September 10, 2020 Op-Ed submitted by Paul Austin, Superintendent of Hingham Public Schools and Kerry Ni, Chair, Hingham School Committee
Labor Day weekend is usually a time to celebrate the final full weekend of summer; family cookouts, a last trip to the beach, or a final quiet weekend at the lake are cherished family traditions. It’s usually a time of excitement in Hingham Public Schools, as we await the return of students for the start of a new school year. Traditionally, that excitement is shared by students and their parents and guardians. But this past Labor Day and the coming start of the school year are like no other. With the first day of school less than two weeks away, there are many questions; uncertainties still loom. Hingham, like the rest of the country, is at a crossroads.
This global pandemic is the greatest challenge our country has faced in generations. Our economy was paralyzed, resulting in the highest unemployment rate in decades. Countless businesses have closed. More than half of all adult children under the age of 30 currently live back home with their parents, a phenomenon not seen since the Great Depression. In just six months, more than 6,000,000 positive cases of COVID-19 were confirmed in the United States and nearly 190,000 Americans have died from this terrible disease. COVID-19 has affected all of us and changed our lives for the foreseeable future.
While we cannot control the virus, we can control the way we manage through this extraordinary time. Today, we ask our community to seize the opportunity to manage this crisis in the unified and respectful manner for which Hingham is so well known. “We’re all in this together” has to be more than a slogan. It has to be how we approach the challenges the pandemic has created.
Over the past six months, many parents and teachers have reached out to the Superintendent, School Committee, and Administration. Some have shared ideas and support, while others have shared their frustration and criticism while they awaited answers to questions about schedules, cohorts, technology, transportation, building maintenance, cleaning protocols, sports, music and myriad other topics that are the nuts and bolts of running a school district. In some cases, we were able to provide answers. In many cases we have been as frustrated as HPS staff and parents that we are unable to provide satisfactory answers because circumstances, science and guidance changes daily. We want you to know that we hear and care about all of you.
We understand and share your frustrations, but we are increasingly concerned about disparaging remarks we have seen and heard, particularly on social media, about our HPS teachers and administrators. We know well the commitment of our teachers and administrators-- their mission--their passion-- is the education of Hingham’s kids. We cannot tolerate their life’s work being denigrated within our own community.
In addition to the uncertainty and anxiety we all share, COVID-19 has highlighted the many ways that our communities rely on our public schools and our teachers. The Hingham Public School system is the pride of our community; many families move here each year so that their children can attend our schools. Our teachers are the heart of our schools. That became especially clear over the past six months as teachers volunteered their time to serve on the school re-opening committees and engaged in professional development to ensure that they are prepared to teach in an entirely new way this Fall. Similarly, our Principals and Administrators have been working around the clock to ensure that students and staff can safely enter our buildings, and that students receive the best education possible under these very challenging circumstances.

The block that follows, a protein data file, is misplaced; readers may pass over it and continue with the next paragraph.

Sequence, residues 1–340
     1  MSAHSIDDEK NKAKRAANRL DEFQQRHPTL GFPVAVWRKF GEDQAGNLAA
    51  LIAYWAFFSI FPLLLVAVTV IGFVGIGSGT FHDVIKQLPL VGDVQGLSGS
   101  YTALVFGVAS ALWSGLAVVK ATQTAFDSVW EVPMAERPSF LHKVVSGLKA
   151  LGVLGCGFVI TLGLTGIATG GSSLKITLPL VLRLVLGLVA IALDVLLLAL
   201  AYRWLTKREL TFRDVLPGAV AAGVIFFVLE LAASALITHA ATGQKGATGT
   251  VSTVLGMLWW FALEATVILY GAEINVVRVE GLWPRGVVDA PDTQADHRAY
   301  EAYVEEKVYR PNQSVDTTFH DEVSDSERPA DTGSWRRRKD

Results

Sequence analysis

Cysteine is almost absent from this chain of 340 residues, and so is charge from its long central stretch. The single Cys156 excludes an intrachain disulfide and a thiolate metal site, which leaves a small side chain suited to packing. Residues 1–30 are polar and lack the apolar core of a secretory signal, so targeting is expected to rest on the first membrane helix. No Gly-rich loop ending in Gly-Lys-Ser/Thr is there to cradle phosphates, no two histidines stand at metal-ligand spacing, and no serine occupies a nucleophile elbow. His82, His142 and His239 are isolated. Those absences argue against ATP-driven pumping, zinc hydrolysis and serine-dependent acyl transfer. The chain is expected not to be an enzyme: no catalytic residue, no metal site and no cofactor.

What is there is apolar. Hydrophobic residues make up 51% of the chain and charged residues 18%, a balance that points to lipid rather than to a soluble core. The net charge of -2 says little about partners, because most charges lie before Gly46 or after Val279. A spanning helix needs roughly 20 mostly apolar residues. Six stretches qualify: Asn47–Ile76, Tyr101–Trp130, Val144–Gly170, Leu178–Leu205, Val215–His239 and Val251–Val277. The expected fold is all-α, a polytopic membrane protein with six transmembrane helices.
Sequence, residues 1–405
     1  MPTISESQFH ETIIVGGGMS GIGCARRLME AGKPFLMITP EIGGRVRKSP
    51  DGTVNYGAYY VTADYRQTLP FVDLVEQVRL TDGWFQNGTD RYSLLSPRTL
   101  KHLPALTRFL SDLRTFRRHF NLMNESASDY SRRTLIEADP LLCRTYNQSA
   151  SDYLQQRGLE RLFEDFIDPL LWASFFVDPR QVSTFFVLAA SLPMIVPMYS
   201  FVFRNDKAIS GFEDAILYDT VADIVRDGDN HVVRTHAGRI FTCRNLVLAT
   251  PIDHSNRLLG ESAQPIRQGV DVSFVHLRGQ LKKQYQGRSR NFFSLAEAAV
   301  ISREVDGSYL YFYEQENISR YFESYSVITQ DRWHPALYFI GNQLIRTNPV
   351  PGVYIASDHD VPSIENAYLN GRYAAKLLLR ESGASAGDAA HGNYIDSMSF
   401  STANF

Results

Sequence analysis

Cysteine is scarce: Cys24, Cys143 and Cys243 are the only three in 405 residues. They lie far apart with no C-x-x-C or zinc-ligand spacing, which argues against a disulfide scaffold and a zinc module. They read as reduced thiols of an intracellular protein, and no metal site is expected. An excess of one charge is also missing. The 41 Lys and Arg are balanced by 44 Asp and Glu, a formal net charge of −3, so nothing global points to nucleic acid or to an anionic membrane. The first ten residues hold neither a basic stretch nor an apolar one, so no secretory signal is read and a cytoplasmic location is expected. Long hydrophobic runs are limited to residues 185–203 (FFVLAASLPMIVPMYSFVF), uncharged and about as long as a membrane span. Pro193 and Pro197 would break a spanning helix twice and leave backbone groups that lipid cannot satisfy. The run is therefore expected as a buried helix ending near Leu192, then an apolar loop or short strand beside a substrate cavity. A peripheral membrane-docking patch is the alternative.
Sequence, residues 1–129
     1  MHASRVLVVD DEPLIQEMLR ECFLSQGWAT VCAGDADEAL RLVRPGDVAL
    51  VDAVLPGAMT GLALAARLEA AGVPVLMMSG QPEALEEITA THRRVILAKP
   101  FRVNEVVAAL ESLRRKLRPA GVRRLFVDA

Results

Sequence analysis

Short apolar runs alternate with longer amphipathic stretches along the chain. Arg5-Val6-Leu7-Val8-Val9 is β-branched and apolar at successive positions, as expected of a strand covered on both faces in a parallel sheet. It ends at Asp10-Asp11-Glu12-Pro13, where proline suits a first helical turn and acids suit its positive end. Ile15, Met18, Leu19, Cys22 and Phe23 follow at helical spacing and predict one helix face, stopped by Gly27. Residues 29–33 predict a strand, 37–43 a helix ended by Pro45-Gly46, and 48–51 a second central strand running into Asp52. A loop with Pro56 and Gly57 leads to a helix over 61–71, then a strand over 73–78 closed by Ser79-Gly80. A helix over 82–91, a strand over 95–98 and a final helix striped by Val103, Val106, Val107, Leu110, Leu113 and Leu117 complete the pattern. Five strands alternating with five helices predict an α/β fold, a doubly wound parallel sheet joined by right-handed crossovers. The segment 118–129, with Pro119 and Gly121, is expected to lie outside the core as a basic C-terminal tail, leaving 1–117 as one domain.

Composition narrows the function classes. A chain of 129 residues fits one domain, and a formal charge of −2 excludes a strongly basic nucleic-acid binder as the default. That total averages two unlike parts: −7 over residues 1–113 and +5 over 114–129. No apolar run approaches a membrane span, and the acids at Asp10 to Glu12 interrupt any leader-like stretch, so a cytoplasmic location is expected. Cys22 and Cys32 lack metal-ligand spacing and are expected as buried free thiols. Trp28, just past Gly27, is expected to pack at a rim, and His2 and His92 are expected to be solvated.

There are many conversations around education happening right now that are beyond Hingham. While we welcome voices of disagreement and respectful debate, we are mindful that disparaging remarks and outside agendas could scar our community, our staff, our children. That is not who we are and that is not the Hingham we want for our kids. We must not allow the frustrations with and fears of COVID-19 to tear our community apart.
The pandemic is pushing Hingham to decide who we want to be. Here is what we are asking of our community:
- Grace. Please remember that we are redesigning education during a global pandemic-- with few additional resources. Things will not be perfect on September 16th or on September 28th. Our teachers and administrators need space to adjust and readjust as they figure this out. Please know that everyone is committed to getting this right for our students, and is proceeding with the best intentions.
- Partnership. As we redesign how education is delivered, and as more students learn from home, we have a unique opportunity to work together-- parents, teachers, and as a community. Please keep communicating and be open to communication from our schools.
- Please remember that our children are watching and learning from us as we react to the pandemic and all of its consequences. As parents, teachers and community members, we can teach our children to proceed from a place of anxiety and fear, which can undermine their trust in their community. Or we can model resilience, we can coach our children as they learn how to react when life does not go as planned, and we can teach them how adversity can spur growth.
We are all in this together, and we are at a crossroads and must decide as a town, and as a school system, who we want to be. If we work together, we are certain that Hingham and its public schools will emerge from this crisis better and stronger than ever.
Paul Austin, Superintendent of Schools
Kerry Ni, Chair, Hingham School Committee